SWITCHING TO NASCAR racing from open-wheel racing is not as smooth a transition as moving to a new league in baseball. Sure, the American League has the designated hitter, but it's still the same game.

The adjustment is difficult primarily because stock cars are much heavier than open-wheel cars.

Two years after parking his IndyCar, Sam Hornish Jr. is just starting to emerge as a contender on the Sprint Cup circuit.

Hornish, 29, is the only three-time IndyCar Series champion in history and a former Indianapolis 500 winner. Clearly, he was an outstanding open-wheel racer.

Last year, Hornish struggled in the Cup series: 35th in points, no top-10 finishes. At times, he looked lost on the racetrack. This year, with two top-10 finishes in the No. 77 Penske Racing Dodge, he has climbed to 26th in points. At Darlington last month, he qualified fourth.

"The team has given me better cars this year," Hornish said on a Tuesday conference call. "We have better horsepower and fuel mileage. Our pit stops are improved.

"It's like a ladder: I get a little better; the team gets a little better; the engines get a little better; and we just continue climbing up that ladder.

"We had a top-five car [Sunday at Dover]. We got caught two laps down, because we had to pit early with a tire that was coming apart. It took us until 30 laps from the end to get back on the lead lap. Once we did, we came in 13th."

Hornish isn't the only former open-wheel racer who has had problems adapting to NASCAR. Juan Pablo Montoya has needed two-plus seasons to be considered a Chase candidate (he's 15th in points). Dario Franchitti spent half a season in NASCAR, saw the team he drove for fold, and has returned to IndyCar racing.

What made Hornish pursue NASCAR?

"We got to the point where I wanted to try something new," he said. "I wanted to challenge myself. There was a lot for me to learn about driving a stock car, to run in a pack of 43 [cars].

"It's about perseverance. I've enjoyed the challenge. I could've fallen flat on my face, and there were days that I did. What kind of person would I be [though] if I didn't keep trying?

"[I thought] how do I make myself better? That's probably why the [No.] 48 team [Jimmie Johnson] is as successful as they are because it seems, no matter where they're at, they're never riding along. They're always trying to learn something new and make themselves better."

Hornish's goal this season is to finish among the top 20 drivers.

"At the beginning of the season, I wanted to be in the top 20 in points," he said. "We had a couple races the last couple weeks where we were a little bit off. I think the top 20 is still a realistic goal. If we keep running like we are, there's no reason why we shouldn't finish in the top 15."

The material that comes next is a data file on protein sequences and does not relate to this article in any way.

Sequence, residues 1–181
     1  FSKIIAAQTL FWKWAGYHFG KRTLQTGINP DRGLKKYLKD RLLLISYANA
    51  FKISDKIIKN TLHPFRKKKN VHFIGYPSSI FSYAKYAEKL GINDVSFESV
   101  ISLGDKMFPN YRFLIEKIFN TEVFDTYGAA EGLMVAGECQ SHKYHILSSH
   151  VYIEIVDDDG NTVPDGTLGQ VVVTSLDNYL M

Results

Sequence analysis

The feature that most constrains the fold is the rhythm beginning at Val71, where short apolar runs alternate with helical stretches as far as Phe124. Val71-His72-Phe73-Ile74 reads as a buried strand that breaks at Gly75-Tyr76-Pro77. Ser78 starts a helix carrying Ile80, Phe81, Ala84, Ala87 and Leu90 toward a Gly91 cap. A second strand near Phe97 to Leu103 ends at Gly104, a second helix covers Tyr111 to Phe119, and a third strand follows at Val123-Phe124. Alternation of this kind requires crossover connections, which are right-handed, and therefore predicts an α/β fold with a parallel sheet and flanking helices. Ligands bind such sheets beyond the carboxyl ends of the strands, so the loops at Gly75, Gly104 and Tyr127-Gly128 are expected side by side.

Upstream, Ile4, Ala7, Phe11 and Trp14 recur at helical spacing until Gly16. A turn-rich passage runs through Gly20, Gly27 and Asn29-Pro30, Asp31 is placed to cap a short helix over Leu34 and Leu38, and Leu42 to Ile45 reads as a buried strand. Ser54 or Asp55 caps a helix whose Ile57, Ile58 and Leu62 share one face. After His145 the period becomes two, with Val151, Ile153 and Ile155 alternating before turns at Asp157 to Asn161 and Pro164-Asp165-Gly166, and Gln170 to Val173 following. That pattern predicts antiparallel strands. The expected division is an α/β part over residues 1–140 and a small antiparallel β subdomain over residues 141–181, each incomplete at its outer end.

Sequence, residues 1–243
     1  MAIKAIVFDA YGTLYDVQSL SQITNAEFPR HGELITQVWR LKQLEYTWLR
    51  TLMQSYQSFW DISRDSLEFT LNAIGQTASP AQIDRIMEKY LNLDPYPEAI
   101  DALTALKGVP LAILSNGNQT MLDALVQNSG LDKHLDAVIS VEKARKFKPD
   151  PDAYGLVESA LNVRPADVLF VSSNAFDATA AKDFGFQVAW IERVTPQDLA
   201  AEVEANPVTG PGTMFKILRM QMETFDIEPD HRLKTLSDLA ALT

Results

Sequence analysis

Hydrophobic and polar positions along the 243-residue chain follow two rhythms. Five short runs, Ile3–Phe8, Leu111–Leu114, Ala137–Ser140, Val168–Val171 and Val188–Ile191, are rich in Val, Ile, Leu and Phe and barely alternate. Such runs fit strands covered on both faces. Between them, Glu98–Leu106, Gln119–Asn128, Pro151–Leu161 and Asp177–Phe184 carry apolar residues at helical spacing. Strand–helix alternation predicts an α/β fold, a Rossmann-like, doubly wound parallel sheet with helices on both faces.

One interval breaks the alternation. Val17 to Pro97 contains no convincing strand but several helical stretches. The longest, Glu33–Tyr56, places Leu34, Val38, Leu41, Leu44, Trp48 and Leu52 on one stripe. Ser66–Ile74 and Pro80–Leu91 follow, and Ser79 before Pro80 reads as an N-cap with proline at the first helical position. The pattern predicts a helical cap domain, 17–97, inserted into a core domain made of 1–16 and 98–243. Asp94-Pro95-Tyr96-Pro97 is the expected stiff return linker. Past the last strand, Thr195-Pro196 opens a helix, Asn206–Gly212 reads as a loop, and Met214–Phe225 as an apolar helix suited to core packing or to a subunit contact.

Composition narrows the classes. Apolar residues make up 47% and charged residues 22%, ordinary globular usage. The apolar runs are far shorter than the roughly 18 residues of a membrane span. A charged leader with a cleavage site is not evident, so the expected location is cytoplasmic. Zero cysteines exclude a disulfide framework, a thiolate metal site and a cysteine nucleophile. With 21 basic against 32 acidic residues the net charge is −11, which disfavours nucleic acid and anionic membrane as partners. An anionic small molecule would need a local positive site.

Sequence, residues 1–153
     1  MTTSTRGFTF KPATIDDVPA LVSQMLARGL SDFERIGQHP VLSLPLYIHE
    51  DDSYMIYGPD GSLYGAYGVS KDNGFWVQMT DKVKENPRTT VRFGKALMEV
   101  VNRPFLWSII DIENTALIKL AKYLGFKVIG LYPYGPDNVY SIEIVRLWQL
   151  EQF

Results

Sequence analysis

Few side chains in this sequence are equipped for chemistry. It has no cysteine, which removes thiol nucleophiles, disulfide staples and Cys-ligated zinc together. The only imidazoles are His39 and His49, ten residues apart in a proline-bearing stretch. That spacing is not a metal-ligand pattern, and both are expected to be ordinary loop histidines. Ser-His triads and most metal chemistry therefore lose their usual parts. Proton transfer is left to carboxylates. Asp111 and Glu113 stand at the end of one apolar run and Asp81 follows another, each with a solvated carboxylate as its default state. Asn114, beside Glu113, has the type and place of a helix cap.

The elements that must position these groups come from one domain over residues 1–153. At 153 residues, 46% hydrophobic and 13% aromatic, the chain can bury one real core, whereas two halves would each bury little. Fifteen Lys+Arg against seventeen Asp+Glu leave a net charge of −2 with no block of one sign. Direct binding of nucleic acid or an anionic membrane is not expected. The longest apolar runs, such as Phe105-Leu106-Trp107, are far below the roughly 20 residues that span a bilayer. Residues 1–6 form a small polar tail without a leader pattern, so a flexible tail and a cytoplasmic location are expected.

Looking ahead to Sunday's Pocono 500, Hornish described his brief relationship with the track as "love/hate."

"The first time we went there last year, we qualified 41st and I think we finished 41st [actually, 42nd]," he recalled. "I absolutely hated it. I felt I was never going to figure it out.

"The second time, we came back after five or six races in between [where] I'd run well. I went [to Pocono] with some confidence, qualified 26th, ran in the top 10 and finished 26th.

"I love the track. It's unlike anything we run anywhere else."

Jeff Gordon update

Even before rain washed out last night's "Prelude to a Dream" racing program at Eldora Speedway, Tony Stewart's dirt track in Ohio, Jeff Gordon withdrew as a precautionary measure. He has been bothered by back pain, but will race Sunday at Pocono.

The race, a charity to benefit military organizations, was rescheduled for Sept. 9. Those who bought the race on HBO Pay-Per-View will get refunds.

Long short on cash?

Besides upholding Carl Long's 12-race suspension for using an oversized engine last month at Lowe's Motor Speedway, the National Stock Car Racing Commission fined crew chief Carl Swing $200,000, which is probably $170,000 more than he has. Long's team is a part-time entry on the Sprint Cup circuit.

This week's race

Pocono 500

Pocono Raceway, Long Pond, Pa.

When: 2 p.m. Sunday

TV/Radio: TNT/ESPN (950-AM), WNPV (1440-AM), WDSD (94.7-FM)

Race course: 2.5-mile trioval

Race distance: 200 laps/500 miles

Last year's race winner: Kasey Kahne

Last year's pole winner: Kahne, 170.219 mph

Track qualifying record: Kahne, 172.533 mph (June 2004)

Track facts: Brian Vickers was runner-up in last year's race; Denny Hamlin was third. Kahne led 69 laps, including the last 16 ... Carl Edwards won last year's second Cup race at Pocono ... Jeff Gordon's four wins at Pocono are the most among full-time active drivers; Bill Elliott has the most wins (five) at the track ... Hendrick Motorsports drivers have the most career victories at Pocono (11) ... Mark Martin, now a Hendrick driver, is winless in 44 starts at Pocono, but has six runner-up finishes.

Wins: Kyle Busch, 3; Matt Kenseth, Mark Martin, Jimmie Johnson, 2 each; Jeff Gordon, Kurt Busch, Brad Keselowski, Dave Reutimann, 1 each.

Sprint Cup Standings

Through 13 of 36 races

1. Tony Stewart (2 last week) 1853 -

2. Jeff Gordon (1) 1807 -46

3. Jimmie Johnson (4) 1789 -64

4. Kurt Busch (3) 1762 -91

5. Ryan Newman (7) 1680 -173

6. Kyle Busch (6) 1634 -219

7. Denny Hamlin (5) 1630 -223

8. Matt Kenseth (9) 1625 -228

9. Greg Biffle (10) 1618 -235

10. Jeff Burton (8) 1587 -266

11. Carl Edwards (11) 1582 -271

12. Mark Martin (12) 1567 -286

13. David Reutimann (13) 1536 -317

14. Kasey Kahne (15) 1501 -352

15. Juan Montoya (14) 1475 -378

Up next: Lifelock 400, June 14, Michigan International Speedway, Brooklyn, Mich., 2 p.m.; TV: TNT.